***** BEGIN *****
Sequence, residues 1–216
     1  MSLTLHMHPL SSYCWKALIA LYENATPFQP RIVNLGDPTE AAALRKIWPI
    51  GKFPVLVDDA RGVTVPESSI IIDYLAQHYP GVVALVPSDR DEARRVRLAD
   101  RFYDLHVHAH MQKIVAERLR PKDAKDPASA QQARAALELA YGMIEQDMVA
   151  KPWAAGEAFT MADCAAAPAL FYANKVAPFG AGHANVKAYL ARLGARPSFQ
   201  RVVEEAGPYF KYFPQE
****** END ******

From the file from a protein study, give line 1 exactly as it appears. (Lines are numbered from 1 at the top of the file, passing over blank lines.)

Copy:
Sequence, residues 1–216